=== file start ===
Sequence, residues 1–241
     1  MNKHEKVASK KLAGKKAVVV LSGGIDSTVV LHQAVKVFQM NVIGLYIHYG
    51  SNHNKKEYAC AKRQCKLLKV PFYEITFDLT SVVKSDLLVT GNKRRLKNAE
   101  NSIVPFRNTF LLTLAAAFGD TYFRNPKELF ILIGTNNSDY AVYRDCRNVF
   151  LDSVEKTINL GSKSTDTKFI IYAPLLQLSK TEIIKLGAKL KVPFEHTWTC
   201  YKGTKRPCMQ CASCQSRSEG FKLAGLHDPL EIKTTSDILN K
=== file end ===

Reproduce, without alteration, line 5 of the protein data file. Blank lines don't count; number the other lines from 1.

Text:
   151  LDSVEKTINL GSKSTDTKFI IYAPLLQLSK TEIIKLGAKL KVPFEHTWTC